By Scott Yoho7. November 2012 06:52
Simultaneously with all of the above, she launched three Peggy Still-branded music schools which she sold last year (and which continue to prosper). It’s at this point of her story where we began our interview.
Peggy: So we sold the business last year. Right around the same time, I got called to work on the Ghost Brothers of Darkland County, which was written by Stephen King, with music by John Mellencamp, and T-Bone Burnett as the music director. I was hired to create the scores by transcribing them off of audio files.
SY: So you did the transcription by listening to the recordings, and creating the notation in Finale. Then did you meet with T-Bone Burnett to see if he was satisfied with your work?
PSJ: I first worked very closely with John’s guitarist, Andy York. Andy has been the lead guitarist in John Mellencamp’s band for over 20 years. He’s the show’s music supervisor and did much of the arranging. Later we all worked together with T-Bone Burnett and with John Mellencamp. They would provide feedback and I would make the changes.
SY: The show sounds fascinating.
PSJ: One of the things that sets the show apart is that it reaches everyone. The vocalists are not singing with a heavy vibrato, they’re singing rock and roll style: It’s something that the average listener can relate to. It’s basically a gothic tale, kind of showing what happens when family issues are not resolved.
We had people coming to the show who were not normal theatre-type people. They were people who really liked Stephen King, and they were people who really liked John Mellencamp and people who were intrigued. I firmly believe that it will open up the doors to a wider audience for musicals.
And the music is so good. I mean, they spent more than ten years working on this show to get it to where it got to last year.
SY: And the show premiered in Atlanta?
PSJ: Yes. It was very, very successful last spring. And now, they are talking with producers about bringing the show to New York.
SY: Would that mean additional work for you or is that book pretty much done?
PSJ: I’m still working on the book. The band basically plays by ear, so they already know their parts, but we’re trying to get all those parts on score.
SY: Let’s talk about your tools. When did you first use Finale?
PSJ: It was when I was in college, probably, oh, many years ago.
SY: Do you remember what version it was?
PSJ: I don’t even remember what version it was. It wasn’t anything like this. It wasn’t near as user-friendly as it is now.
SY: You really wanted to put music on the printed page.
PSJ: I did. My handwriting is not the best, and I thought it would look better if I had it on some kind of format that would be easier to read. And if I made a mistake I didn’t like the idea of having to redo it all again. I converted to computers early on, and I didn’t like the idea of backtracking. If I wanted to change one note I didn’t want to feel like I had to redo the entire page.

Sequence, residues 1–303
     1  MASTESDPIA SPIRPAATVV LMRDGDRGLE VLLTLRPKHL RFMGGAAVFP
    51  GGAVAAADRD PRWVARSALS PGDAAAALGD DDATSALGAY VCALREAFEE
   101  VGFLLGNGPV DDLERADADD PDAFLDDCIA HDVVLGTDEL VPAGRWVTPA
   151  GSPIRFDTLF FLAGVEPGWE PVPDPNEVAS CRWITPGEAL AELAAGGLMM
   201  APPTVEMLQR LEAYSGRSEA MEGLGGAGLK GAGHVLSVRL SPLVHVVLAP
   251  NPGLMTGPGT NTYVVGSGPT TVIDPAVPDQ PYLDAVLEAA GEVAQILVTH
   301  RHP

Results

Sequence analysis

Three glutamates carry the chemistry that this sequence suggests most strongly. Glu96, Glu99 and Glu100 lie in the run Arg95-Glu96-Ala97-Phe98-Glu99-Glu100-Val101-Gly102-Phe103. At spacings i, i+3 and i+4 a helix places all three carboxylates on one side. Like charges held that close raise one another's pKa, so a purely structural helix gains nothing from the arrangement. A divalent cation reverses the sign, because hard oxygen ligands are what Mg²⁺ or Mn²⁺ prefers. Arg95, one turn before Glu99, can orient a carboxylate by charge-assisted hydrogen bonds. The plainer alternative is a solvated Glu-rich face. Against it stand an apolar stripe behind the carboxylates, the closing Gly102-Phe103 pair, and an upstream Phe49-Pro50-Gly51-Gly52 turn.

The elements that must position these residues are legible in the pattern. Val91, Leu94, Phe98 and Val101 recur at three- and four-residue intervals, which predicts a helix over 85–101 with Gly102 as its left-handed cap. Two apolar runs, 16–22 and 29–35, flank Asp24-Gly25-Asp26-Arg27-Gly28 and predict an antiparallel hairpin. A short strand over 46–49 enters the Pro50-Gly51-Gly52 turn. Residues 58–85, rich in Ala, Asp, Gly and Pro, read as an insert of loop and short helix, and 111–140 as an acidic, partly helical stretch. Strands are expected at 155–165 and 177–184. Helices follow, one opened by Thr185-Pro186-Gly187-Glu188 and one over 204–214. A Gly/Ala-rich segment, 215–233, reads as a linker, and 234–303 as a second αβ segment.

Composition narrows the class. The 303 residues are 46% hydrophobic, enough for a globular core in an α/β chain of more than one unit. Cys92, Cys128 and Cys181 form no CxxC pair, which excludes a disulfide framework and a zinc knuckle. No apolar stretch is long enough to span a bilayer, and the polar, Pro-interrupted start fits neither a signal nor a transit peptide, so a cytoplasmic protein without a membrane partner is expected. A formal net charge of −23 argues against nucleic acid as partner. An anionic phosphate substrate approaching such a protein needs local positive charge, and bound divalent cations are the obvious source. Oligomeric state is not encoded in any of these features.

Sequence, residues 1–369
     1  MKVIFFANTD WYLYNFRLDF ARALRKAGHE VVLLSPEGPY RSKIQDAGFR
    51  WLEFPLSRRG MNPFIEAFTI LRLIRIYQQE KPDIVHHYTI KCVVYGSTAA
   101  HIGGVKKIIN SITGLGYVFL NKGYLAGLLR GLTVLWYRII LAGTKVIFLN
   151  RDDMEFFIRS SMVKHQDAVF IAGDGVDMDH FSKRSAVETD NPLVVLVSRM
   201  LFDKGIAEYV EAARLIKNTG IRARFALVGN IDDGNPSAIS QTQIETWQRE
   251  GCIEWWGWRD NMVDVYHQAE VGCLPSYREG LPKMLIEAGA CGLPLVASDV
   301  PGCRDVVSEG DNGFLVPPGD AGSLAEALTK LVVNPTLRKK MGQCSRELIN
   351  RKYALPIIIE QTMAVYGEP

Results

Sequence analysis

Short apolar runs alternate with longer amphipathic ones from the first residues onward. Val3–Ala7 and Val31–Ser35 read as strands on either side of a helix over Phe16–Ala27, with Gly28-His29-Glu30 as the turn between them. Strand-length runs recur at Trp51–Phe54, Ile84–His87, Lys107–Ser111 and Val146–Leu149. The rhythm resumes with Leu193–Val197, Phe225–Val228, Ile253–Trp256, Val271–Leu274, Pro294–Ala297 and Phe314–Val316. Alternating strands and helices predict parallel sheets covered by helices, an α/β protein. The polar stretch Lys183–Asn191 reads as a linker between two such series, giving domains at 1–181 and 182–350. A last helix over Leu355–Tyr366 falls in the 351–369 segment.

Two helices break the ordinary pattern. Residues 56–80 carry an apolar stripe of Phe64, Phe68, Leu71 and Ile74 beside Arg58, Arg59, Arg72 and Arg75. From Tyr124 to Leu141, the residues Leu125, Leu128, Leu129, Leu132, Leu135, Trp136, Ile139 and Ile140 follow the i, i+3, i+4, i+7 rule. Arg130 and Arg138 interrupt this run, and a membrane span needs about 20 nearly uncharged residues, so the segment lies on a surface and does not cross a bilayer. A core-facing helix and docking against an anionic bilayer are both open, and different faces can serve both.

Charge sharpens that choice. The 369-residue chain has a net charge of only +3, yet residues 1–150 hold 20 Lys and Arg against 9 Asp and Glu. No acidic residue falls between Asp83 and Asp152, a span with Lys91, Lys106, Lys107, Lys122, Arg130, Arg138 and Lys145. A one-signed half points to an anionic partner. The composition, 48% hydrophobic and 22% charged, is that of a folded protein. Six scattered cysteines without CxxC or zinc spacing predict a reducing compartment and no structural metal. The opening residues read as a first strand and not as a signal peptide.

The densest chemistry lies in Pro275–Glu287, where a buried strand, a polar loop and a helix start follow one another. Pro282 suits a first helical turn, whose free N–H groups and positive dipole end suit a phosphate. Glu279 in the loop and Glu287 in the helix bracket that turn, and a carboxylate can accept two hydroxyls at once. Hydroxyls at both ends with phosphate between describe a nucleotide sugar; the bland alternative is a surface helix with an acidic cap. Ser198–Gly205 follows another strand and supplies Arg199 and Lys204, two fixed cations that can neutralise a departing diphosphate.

SY: We take that for granted today.
PSJ: We do. And I didn’t like really using pencil, either, because it’s hard to see. So I really hooked on to Finale early on. And through the years I’d use it all the time for a variety of projects. Even if I wasn’t asked to create a score, sometimes I’d create one in Finale to have ready access to vocal parts, harmonies, and things like that.
When I worked with high schools on their musicals, I would do all the tracks. I’d get the scores and I would play them all, all the accompaniments. And then I would play all of the vocal parts, and then I would make tracks that help the kids to learn the music quickly, so that we could focus on the show. And the same thing goes with, you know – and I would do all the arranging, because sometimes it was just a couple instruments versus an entire orchestra.
So I would use Finale to do that, too.
I think the other thing that is real important to me, and you’ll see it on my bio, is that I’m very education-oriented. I’ve taught for 20 some odd years and I still teach. And I believe that technology and music education are a great fit. I think if you incorporate technology, you’ll be a better educator.
Some educators are afraid to embrace technology. They still really like the pen to the paper kind of thing, but they don’t realize the benefits they’re missing. Like in Ghost Brothers we change keys all the time. They would come back to me and say, “Let’s change the key.” And it would be just a couple of buttons and that was it. I didn’t have to sit there and redo everything. It was so much easier. I had so much more flexibility. I could change tempos. I could change meters, anything.
SY: Again, all those things we take for granted today.
PSJ: Yes. It just saves you a lot more time so you can just focus on working on the musical part of things.
I couldn’t have said it better myself! I’d like thank Peggy for taking the time to talk with us and for her continued support of Finale.